5. Creating Crews

Chemistry as a large unit is a very difficult thing. After all, a big team might have almost 30 players! That’s a lot of different personalities to learn about and figure out how to work with.

As a result, it can be a lot easier to create smaller groups within that big unit. Establishing crews or pods  can be a great way to do this, and it has the added benefit of making a support team for individual players.

All the additional time talking, reflecting, and having fun will definitely increase the chemistry of that group, which will extend to the rest of the team.

6. Using Mental Exercises And Having Goals Discussions 

Working on your mental game can be just as important as your physical preparation, whether it’s anticipating a superior matchup or building up mental toughness.

Working with a mental health coach or sports psychologist can be a great benefit to the team’s overall state, but it can also improve chemistry.

Many people have different ways of wanting to communicate off and on the field, as well as situations where they thrive (or fail). Trying to jack up a teammate by yelling at him, for example, might instead turn him off and shut him down. Likewise, giving space can be just as bad for someone who struggles to escape a thought spiral.

Have open discussions before or after practice as a large group or with teammates on what works best for you on and off the field.

Being clear and reflective about team and personal goals is a great way to build camaraderie, while knowing exactly what makes a person ready to play at their best is key to team culture and success during games.

7. Organizing Team Building Activities 

There’s a reason schools, camps, and companies do offsite trips or ice-breaking getting-to-know you silliness. Team-building activities work and these are great in-season activities to start a practice or to do during a film or strategy session to make the team better.

These activities thrive on two things: knowledge and trust. Each stems from the other, and you need both to fully have good chemistry.

First, try to learn as much about someone as you can, to build a better picture of that individual and use your knowledge in the game.

Knowing exactly what the person’s spirit animal is (and why it fits) may seem unnecessary to the game of ultimate, but it can be a great segue into knowledge on the field. If you’re on defense with a bulldog player, you’ll know she’s gonna be gruff, tough, and never give up.

Trust is absolutely important in good team chemistry, as well, and is essential for those split-second decisions like right before an important back shoulder throw or defensive bid.

Build trust and knowledge in whatever way you can, and don’t be afraid to do the fun activities to get it in action.

8. Practicing Cutting Strings

Offensively, the best thing you can do to create what seems like legendary chemistry is just to have extremely well-practiced and well-prepared sets.

A great play might seem like perfect timing and chemistry to an outsider, but a true insider knows exactly what will be happening and when. They know each of the steps because they’ve run this until it’s second nature. 

Practice running cutting strings (cuts in a specific order) to get players used to knowing who to throw to and when. This will also help get a feel for knowing which throw is more viable (based on the player) and what tendencies in fake, pivot, or reach a player has. Learning that your handler friend does indeed have that step-around is critical for you to know to cut there.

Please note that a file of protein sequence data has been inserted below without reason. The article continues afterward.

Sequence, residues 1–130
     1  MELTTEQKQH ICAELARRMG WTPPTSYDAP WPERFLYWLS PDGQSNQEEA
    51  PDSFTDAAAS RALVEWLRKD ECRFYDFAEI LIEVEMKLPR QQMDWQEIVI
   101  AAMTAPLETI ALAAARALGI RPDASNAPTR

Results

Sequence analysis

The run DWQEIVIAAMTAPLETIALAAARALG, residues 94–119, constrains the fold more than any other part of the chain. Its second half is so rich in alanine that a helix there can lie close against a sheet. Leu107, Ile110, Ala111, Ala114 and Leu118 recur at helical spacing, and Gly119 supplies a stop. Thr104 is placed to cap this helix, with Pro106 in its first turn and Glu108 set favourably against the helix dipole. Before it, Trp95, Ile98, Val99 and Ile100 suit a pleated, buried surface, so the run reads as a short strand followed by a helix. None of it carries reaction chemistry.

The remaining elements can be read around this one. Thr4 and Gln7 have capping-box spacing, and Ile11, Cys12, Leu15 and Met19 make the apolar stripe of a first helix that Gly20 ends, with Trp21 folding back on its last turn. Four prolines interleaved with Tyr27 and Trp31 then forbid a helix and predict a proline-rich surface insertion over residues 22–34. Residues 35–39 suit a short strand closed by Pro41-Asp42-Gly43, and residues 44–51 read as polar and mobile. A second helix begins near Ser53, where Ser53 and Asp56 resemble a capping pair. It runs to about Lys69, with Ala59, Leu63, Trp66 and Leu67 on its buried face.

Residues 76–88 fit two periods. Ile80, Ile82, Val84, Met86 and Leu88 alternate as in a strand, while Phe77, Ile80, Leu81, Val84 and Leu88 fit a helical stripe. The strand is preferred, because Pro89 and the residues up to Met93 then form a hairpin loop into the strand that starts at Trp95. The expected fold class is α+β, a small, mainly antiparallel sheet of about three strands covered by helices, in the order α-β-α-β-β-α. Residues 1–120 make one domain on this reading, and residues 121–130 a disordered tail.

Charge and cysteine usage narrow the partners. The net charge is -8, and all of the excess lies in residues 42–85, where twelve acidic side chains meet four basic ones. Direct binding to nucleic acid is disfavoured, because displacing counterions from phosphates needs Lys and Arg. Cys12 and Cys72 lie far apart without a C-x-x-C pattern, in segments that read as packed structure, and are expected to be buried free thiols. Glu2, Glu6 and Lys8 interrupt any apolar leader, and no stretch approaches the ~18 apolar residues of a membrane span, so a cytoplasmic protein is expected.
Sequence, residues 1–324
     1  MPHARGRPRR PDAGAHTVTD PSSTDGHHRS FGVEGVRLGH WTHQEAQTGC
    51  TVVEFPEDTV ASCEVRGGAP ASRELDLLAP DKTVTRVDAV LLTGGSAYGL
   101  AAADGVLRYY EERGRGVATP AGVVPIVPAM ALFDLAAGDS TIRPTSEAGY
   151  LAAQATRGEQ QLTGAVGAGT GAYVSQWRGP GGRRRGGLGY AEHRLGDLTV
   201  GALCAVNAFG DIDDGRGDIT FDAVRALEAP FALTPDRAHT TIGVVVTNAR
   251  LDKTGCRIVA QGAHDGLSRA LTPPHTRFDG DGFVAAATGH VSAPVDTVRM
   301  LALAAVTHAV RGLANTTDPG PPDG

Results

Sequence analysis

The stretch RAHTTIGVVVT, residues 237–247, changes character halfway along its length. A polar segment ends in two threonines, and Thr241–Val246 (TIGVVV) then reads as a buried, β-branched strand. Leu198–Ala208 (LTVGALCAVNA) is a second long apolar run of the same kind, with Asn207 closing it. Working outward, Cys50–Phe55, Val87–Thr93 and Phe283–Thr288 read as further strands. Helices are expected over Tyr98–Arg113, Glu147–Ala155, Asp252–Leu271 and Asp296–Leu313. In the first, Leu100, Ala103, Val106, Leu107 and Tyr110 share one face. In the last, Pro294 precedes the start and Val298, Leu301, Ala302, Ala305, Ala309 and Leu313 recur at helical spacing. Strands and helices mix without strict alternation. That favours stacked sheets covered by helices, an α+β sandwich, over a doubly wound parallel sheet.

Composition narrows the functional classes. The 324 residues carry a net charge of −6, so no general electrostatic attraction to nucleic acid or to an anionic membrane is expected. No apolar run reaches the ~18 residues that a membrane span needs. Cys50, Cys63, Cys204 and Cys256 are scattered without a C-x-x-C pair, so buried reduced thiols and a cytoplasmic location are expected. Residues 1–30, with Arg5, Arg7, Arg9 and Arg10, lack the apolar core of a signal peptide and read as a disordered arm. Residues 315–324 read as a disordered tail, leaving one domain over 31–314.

Developing the knowledge of who goes where is just the first step, while internalizing the rhythm and body mechanics of muscle memory are just as essential.

9. Drilling In Pairs 

Working in pairs is great inside practice for chemistry purposes. There are two ways to do this.

One is to have a pair set up, but only one person goes through a drill or situation (or is on the field) at a time. This forces the other person to watch, listen, and communicate as much as possible. These two are in effect a team throughout the practice (and feel free to make every drill set up this way into a true contest with rewards or punishments). The observation allows learning from and about each other, while the communication and competition builds strong rapport. 

A second way is to put the pair on the field together throughout practice and the drills at the same time, always keeping them side by side. The increased contact will ensure they again get that feeling of competitive edge for their paired team, while also giving them lots of throws and catches to one another. The more touches back and forth, the more likely tendencies will be seen and anticipated.

10. Facing Difficult Challenges Together 

The last and best way to build chemistry to ask the impossible of your squad as a whole.

Create a tough team workout at the end of a practice or make the squad face off against a nearly impossible skill challenge. Ask for perfection or close to it and make them try to achieve it. 

An every-single-person-against-the-clock relay race or nearly-flawless catching and throwing drill—whatever the category, it doesn’t matter. What does matter is that your squad was forged by fire in the course of the season, making the chain strong and hard to break.


  1. Alex Rummelhart

    Alex "UBER" Rummelhart is an Ultiworld reporter. He majored in English at the University of Iowa, where he played and captained IHUC. He lives and teaches in Chicago, Illinois, where he has played for several ultimate teams, including the Chicago Wildfire and Chicago Machine. Alex loves writing of all types, especially telling interesting and engaging stories. He is the author of the novel The Ultimate Outsider, one of the first fictional works ever written about ultimate.